Thursday, July 11, 2013


 So what’s it like celebrating the birth of your nation while halfway around the world in another?  Actually, a lot of fun, and more patriotism than I ever imagined!  Maybe it’s the vacuum effect of being a minority expatriate; we've come to China seeking something different, but the U.S. is our commonality.  Thursday on the 4th I was acquainted with a lot more ultimate frisbee players at a friend’s rooftop cookout, while venues around the city had drink and barbecue deals and live music the rest of the weekend.

When in rains in the city, I can’t help but cringe and veer away from puddles, not quite sure what it’s washing away.  But summer storms are still welcome; on the 4th of July, a menacing storm from the north blustered through the city and took the pollution with it!  Peter’s new apartment had jaw-dropping views of the northern mountains, meandering clouds, a saturated sunset, and even stars later into the night.  Apparently this only happens, like, once a year—so I was thrilled to be a witness.  It did pain me a bit though, knowing that this is how it should be but now is only experienced rarely.  I can understand why Beijing was chosen as an imperial capital.

We donned our red, white, and blue, waved garden-sized flags, and someone brought a kiddie pool (it was 8 feet long and a logistically humorous to fill up).  There were grilled vegetables and meats, pasta salad, home brewed iced tea and lemonade, Pabst Blue Ribbon, and desserts: I savored the joy of stuffing my face with frosted banana bread and carrot cake, with vanilla bourbon frosting.  In a land of sketchy meat and very few ovens, it couldn’t get any better.  The only things missing were fireworks and a rousing rendition of the national anthem (which occurs at least once at every frisbee party I’ve ever been to).   Happy birthday, U.S.A.!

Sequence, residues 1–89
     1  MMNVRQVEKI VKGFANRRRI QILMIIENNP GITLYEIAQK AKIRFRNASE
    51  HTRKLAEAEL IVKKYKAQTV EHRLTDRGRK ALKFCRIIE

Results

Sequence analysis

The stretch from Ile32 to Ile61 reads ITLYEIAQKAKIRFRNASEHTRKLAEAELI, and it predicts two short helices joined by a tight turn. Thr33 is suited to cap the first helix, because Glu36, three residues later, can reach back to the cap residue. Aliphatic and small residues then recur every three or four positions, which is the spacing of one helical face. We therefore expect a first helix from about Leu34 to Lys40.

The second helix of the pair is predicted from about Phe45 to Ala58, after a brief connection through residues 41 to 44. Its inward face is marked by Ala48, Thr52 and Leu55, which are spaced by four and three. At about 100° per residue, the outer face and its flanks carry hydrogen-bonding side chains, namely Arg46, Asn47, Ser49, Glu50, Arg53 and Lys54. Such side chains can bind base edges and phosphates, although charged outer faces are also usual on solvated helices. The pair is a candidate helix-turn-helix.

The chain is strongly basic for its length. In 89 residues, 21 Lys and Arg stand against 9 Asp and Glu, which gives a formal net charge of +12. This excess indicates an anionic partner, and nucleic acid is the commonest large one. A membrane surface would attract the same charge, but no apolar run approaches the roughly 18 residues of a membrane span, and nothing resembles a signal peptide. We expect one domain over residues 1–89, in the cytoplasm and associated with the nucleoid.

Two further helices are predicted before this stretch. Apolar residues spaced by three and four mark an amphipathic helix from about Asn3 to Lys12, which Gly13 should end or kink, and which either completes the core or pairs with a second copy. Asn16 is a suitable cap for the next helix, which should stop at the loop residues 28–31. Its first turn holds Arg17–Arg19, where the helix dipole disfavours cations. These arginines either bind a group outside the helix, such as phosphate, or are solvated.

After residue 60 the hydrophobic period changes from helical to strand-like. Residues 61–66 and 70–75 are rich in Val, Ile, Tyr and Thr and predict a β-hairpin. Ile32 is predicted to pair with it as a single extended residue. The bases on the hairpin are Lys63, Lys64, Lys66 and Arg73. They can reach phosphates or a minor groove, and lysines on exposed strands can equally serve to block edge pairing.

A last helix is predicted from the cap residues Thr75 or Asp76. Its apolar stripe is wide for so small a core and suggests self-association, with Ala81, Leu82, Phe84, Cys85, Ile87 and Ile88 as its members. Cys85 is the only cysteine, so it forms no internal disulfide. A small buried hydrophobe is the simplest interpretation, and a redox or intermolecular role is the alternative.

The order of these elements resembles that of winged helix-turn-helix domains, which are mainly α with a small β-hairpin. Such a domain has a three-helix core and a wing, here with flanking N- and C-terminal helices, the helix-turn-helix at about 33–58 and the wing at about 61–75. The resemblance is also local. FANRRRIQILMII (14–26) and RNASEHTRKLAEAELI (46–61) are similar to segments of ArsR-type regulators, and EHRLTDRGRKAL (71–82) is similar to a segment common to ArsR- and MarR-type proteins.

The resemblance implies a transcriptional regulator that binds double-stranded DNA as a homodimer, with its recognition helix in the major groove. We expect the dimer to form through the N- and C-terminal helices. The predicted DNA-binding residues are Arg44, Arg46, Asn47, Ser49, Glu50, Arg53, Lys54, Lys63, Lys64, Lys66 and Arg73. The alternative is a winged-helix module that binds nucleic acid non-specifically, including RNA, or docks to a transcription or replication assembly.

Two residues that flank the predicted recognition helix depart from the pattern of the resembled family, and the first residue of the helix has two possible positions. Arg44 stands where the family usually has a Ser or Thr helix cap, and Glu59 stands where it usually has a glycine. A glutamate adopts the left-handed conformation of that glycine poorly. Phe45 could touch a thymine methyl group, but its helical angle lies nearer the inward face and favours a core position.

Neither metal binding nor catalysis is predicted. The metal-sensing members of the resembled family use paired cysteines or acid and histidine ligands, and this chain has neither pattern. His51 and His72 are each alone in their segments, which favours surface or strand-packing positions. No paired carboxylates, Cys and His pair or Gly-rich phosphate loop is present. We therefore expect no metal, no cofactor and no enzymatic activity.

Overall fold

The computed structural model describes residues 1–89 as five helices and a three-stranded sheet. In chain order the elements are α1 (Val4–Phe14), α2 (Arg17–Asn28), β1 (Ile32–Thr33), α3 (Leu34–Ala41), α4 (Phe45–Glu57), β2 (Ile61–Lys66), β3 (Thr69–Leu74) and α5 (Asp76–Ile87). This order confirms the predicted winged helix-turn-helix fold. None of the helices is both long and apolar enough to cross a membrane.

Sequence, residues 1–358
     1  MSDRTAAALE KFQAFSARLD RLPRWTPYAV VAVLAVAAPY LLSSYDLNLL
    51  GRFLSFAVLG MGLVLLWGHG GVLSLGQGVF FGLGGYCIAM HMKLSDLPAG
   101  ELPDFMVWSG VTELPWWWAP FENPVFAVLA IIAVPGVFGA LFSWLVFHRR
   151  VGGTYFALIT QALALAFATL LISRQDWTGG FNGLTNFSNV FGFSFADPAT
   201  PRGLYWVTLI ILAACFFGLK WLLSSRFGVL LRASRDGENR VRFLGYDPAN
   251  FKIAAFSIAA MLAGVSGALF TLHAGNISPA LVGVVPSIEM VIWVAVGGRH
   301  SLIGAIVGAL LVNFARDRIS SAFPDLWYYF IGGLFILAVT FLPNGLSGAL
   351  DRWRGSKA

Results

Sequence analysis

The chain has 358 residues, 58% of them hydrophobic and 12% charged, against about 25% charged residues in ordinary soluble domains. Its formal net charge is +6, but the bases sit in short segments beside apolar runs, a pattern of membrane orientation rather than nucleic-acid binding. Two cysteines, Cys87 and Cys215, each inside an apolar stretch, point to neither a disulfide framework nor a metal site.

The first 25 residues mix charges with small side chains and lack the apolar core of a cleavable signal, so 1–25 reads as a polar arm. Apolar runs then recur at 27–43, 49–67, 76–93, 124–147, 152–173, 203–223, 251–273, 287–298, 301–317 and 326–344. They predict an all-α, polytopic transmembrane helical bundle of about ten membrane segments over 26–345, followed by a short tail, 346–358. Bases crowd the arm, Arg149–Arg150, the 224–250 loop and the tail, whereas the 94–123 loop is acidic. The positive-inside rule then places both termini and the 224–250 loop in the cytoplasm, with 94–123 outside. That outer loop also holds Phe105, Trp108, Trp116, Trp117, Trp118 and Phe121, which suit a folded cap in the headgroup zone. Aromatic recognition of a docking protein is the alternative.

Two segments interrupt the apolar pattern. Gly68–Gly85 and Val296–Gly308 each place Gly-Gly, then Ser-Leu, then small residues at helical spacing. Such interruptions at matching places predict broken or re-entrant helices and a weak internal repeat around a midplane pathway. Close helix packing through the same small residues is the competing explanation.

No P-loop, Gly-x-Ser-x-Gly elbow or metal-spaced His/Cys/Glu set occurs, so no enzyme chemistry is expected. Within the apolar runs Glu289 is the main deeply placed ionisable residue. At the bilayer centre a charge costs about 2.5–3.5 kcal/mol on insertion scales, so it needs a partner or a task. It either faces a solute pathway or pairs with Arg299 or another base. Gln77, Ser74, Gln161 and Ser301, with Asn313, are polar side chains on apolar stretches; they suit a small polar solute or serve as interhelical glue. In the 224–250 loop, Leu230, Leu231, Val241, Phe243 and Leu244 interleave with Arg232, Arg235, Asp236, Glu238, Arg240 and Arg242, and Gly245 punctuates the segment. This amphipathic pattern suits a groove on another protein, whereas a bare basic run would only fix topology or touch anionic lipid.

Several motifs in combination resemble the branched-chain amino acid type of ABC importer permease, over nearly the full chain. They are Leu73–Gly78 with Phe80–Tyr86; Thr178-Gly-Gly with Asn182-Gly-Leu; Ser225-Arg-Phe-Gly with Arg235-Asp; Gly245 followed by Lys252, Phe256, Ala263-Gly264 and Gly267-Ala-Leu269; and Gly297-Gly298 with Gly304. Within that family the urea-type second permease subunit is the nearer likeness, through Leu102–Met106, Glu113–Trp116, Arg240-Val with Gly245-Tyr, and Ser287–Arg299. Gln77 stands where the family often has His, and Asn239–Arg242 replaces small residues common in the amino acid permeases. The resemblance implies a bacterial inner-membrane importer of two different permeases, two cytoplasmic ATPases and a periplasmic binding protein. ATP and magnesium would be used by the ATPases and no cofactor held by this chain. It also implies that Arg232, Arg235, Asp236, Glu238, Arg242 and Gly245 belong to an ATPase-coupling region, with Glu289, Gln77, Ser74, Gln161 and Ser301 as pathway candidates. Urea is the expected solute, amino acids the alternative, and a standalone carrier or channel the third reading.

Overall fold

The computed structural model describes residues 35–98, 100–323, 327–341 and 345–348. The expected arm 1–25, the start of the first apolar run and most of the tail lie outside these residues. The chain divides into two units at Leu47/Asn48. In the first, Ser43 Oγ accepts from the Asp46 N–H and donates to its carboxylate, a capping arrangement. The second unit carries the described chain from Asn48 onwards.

A kiddie pool, barbecue, clear skies and good company -- what more do you need?

In the spirit of the holiday weekend, other events also included an Independence Day-themed Food Club at Justin's house.  He's another frisbee player who's been living in Beijing for a few years, and each month he hosts a themed meal and brings friends, neighbors, and people he just met off the airplane (literally though) together to enjoy the food.  He used a sous vide method in his bathroom and cooked a pork shoulder, made his own barbecue sauce (heavenly), mac and cheese with a thick roux and crusted top in a toaster oven, coleslaw, potato salad, and one of his roommates contributed a peach pie-- another case of food-induced coma heaven.

 Justin, demonstrating how the pulled pork sliders (on baguette) should be eaten.  He was also quite proud of the bacon jam.